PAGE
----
The intrauterine and early postnatal environments are critical in the development of offspring. Previous work has documented that maternal HF diet throughout gestation and suckling can have long-term metabolic consequences at weaning and in adulthood (14
). In this study, we used a cross-fostering procedure to determine whether prenatal or postnatal HF-diet exposure had a greater influence on offspring metabolic phenotype. Our data suggest that the maternal HF diet during the suckling period is more critical in determining metabolic consequences for offspring such as leptin resistance.
Other studies have used a HF-diet period before conception to induce maternal obesity, including 5 or 6 weeks before mating and throughout gestation and suckling (15
). Maternal obesity alone has significant effects on oocyte development, maturation, and embryo development (30
), any of which could have adverse effects on offspring independent of diet during gestation and suckling. Maternal obesity could also produce diabetic conditions, before or during pregnancy, which could predispose the offspring to metabolic side effects (32
). Consistent with previous studies using HF diet only during gestation, those dams fed the HF diet consumed more calories during gestation and lactation, but body weight did not differ significantly between the dietary groups throughout the experiment, perhaps suggesting that the HF-fed dams may have increased their energy expenditure during this time (33
). Plasma insulin and blood glucose levels on GD21 were similar in CHOW- and HF-diet-fed dams, suggesting HF dams had not developed gestational diabetes, although this remains to be tested directly.
Maternal HF diet, prenatally or postnatally, resulted in a significant attenuation of pSTAT3 activation in male offspring, whereas exposure only to the prenatal maternal HF diet resulted in decreased pSTAT3 activation in females. This sex difference was lost by PND21, when male and female pups cross-fostered to HF diet dams postnatally were less sensitive to leptin compared with the CHOW-CHOW group. It is unclear why there were sex differences in the response to leptin at PND10 but not at PND21. We and others have reported sex differences in offspring response to maternal HF diet in adulthood (15
). It is intriguing to postulate that those differences in metabolic programming in males and females have origins during the early postnatal period, even before puberty, and may be related to deficits in hypothalamic development secondary to impaired leptin signaling during the neonatal period.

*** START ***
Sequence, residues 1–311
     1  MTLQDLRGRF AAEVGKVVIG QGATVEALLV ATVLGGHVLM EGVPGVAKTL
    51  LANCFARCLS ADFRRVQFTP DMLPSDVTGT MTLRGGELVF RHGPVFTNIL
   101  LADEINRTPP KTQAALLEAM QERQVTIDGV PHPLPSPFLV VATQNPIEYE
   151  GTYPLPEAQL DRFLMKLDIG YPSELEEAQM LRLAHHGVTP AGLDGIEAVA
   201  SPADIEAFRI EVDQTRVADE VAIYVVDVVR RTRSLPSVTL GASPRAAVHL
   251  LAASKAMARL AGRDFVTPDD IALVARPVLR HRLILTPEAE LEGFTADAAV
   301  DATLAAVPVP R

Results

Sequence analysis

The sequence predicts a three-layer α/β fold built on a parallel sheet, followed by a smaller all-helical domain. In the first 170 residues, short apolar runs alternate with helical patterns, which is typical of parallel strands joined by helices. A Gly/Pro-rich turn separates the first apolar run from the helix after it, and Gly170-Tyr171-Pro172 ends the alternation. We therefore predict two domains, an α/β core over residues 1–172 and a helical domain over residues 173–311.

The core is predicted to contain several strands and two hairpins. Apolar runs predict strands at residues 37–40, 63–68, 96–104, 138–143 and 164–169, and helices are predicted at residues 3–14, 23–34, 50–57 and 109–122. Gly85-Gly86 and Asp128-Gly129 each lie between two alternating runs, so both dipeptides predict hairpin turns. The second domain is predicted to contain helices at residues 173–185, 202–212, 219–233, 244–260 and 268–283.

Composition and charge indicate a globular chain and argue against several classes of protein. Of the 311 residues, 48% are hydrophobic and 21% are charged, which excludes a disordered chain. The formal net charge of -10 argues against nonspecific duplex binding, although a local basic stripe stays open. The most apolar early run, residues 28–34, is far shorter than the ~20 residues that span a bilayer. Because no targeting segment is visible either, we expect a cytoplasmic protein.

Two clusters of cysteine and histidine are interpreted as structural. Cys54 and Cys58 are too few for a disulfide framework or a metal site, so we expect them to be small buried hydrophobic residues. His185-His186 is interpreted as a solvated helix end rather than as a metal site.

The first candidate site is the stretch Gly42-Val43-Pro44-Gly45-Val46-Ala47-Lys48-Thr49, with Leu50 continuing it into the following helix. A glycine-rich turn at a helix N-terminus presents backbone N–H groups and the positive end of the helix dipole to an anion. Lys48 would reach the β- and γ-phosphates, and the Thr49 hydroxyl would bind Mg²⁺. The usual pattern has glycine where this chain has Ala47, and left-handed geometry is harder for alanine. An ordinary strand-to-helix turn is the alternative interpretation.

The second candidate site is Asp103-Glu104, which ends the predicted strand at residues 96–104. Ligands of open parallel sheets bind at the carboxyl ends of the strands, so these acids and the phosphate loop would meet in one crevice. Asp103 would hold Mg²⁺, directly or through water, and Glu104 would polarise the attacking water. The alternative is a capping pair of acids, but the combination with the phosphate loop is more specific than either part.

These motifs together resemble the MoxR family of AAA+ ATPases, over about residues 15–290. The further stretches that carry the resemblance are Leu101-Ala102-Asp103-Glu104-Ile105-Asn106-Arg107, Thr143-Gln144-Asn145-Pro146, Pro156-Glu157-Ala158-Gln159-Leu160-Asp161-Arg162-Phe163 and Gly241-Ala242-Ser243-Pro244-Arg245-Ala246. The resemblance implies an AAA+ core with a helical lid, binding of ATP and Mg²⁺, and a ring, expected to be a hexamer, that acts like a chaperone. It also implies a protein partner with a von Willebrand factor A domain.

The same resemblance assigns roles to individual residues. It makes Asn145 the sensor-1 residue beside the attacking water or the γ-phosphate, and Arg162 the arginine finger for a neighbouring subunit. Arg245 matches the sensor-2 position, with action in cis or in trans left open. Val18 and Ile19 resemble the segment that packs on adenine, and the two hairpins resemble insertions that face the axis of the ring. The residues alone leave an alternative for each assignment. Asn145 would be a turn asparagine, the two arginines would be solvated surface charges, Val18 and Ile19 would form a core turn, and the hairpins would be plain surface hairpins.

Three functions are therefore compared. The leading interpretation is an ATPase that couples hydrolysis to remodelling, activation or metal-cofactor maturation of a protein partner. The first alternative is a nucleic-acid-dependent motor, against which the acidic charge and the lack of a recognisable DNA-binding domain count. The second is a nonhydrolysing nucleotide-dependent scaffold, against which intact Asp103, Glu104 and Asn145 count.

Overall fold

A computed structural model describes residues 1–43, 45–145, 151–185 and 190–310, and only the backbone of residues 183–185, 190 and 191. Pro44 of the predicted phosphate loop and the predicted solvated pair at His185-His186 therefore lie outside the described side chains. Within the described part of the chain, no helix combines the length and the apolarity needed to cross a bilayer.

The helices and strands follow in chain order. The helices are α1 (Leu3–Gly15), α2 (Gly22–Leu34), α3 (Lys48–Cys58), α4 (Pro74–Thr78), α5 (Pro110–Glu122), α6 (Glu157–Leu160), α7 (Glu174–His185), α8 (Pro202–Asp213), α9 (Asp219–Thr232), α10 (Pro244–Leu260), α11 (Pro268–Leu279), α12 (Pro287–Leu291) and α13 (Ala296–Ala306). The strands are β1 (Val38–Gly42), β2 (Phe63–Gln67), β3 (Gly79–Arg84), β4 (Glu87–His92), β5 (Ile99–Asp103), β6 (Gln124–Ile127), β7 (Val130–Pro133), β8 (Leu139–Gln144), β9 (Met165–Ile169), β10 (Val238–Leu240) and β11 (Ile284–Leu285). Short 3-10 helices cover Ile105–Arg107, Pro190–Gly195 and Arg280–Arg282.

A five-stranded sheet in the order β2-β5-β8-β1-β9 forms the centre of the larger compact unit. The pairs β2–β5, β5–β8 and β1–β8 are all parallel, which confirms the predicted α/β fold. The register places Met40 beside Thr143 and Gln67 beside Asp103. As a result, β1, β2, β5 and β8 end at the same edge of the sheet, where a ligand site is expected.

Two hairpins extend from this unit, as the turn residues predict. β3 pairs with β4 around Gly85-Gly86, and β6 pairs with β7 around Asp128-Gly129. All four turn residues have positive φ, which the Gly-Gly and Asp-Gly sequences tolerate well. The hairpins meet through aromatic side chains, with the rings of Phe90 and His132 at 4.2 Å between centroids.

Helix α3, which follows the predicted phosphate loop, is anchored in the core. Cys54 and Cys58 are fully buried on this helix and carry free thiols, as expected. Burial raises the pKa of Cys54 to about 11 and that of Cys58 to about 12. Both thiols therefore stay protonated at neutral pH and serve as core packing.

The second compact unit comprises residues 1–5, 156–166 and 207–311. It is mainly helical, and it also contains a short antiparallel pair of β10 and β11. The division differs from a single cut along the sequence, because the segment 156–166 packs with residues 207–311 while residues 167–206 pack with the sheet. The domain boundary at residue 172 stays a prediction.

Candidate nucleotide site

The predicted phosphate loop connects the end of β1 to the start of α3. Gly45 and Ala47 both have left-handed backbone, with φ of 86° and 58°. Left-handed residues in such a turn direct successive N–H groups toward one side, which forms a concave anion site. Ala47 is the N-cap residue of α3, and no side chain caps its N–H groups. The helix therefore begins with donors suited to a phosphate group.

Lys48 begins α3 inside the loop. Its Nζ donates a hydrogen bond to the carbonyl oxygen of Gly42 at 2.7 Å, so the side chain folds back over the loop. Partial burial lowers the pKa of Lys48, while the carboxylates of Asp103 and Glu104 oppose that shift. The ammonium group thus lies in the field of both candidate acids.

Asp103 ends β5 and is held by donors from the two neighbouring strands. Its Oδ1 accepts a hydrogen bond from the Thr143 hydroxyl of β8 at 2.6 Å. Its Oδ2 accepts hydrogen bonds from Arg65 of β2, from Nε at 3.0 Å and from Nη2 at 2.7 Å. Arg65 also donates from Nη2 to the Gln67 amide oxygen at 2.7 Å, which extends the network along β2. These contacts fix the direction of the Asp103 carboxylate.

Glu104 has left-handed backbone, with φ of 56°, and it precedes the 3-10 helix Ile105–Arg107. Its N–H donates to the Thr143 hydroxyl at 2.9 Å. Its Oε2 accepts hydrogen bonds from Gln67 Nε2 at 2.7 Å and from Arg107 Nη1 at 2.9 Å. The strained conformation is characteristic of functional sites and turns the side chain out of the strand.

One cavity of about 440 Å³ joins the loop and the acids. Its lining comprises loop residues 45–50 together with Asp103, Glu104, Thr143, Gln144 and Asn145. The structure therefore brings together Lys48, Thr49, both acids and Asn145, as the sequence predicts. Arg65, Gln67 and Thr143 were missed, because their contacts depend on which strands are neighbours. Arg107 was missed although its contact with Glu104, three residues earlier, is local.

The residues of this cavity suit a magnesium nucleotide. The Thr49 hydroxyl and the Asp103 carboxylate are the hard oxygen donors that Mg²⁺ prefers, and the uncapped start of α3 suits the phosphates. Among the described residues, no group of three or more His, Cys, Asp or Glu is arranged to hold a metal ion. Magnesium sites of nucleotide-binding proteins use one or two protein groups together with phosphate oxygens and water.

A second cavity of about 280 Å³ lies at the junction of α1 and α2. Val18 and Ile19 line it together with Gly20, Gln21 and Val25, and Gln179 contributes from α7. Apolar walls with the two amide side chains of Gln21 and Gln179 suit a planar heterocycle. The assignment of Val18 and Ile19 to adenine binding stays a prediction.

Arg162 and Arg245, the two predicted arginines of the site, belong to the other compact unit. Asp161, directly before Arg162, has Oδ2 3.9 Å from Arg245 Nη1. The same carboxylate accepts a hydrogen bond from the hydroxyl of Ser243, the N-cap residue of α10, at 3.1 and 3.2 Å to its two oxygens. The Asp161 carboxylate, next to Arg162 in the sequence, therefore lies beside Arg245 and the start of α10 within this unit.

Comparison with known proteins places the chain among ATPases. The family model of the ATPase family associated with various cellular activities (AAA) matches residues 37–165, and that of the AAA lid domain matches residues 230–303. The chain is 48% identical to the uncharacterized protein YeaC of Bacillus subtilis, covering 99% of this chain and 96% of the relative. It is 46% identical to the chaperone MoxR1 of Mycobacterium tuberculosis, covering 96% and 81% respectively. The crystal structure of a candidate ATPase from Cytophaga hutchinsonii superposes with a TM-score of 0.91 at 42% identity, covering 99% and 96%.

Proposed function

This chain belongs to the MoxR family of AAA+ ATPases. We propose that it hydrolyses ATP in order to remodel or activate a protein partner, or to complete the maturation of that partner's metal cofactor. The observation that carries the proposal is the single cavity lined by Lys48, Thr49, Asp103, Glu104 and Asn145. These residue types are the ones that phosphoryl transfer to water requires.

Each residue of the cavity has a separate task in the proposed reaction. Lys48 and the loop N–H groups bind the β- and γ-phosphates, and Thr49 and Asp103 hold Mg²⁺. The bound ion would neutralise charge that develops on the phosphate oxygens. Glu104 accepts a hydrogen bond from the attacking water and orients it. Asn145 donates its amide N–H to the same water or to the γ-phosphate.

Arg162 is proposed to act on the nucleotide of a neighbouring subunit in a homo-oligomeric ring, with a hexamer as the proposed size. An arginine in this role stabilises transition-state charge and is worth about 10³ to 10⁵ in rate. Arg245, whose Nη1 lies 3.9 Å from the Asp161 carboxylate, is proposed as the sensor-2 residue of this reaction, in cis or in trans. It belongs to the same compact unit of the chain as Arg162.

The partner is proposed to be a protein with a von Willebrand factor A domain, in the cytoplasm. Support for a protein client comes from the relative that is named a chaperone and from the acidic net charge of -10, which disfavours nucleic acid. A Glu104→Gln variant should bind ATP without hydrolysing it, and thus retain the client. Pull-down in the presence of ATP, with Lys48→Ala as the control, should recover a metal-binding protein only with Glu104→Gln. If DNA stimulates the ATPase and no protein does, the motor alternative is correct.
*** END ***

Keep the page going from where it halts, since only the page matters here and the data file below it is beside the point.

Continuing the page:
An unexpected outcome was the finding that the prenatal HF diet alone (HF-CHOW) group had no effect, with the exception of PND10 leptin sensitivity, compared with the CHOW-CHOW control group, suggesting three possibilities as follows: 1) prenatal HF diet exposure alone was not sufficient to impair leptin sensitivity and that the exposure to maternal HF diet during the postnatal period is required for this phenomena, 2) the prenatal HF diet imparts increased susceptibility to metabolic abnormalities that is precipitated when provided with a HF diet after weaning, or 3) cross-fostering the prenatal HF pups to a CHOW-fed dam postnatally corrects for any impairment in leptin sensitivity that may have developed during the prenatal period. More detailed study of the time course of the effects of maternal diet on leptin signaling during the early postnatal period may distinguish among these possibilities.
Two of the downstream targets in the leptin-signaling cascade are AMPK and ACC. AMPK and ACC in the hypothalamus are dephosphorylated in response to leptin activation of STAT3 signaling, and the resulting decreases in pAMPK and pACC in the hypothalamus inhibit food intake in adult rats (34
). There was no change in total or pAMPK or pACC after the leptin challenge in all four groups compared with baseline levels. The pSTAT3 response to leptin is clear in rodent neonates as early as PND1 (38
). Behaviorally, mouse pups do not respond to peripheral leptin on PND17 but do display a decrease in food intake by PND28 (39
). Thus, although we observe a significant activation of the STAT3 pathway, it appears that the downstream mediators, such as AMPK and ACC, may not normally be functional until after weaning. This signaling pathway may mature later in development to allow neonates to maximize their food intake during a period of rapid growth (40
). This notion may be further supported by and is consistent with leptin’s primary role as a critical trophic factor for neurodevelopment rather than an adiposity signal that controls food intake during the early postnatal period.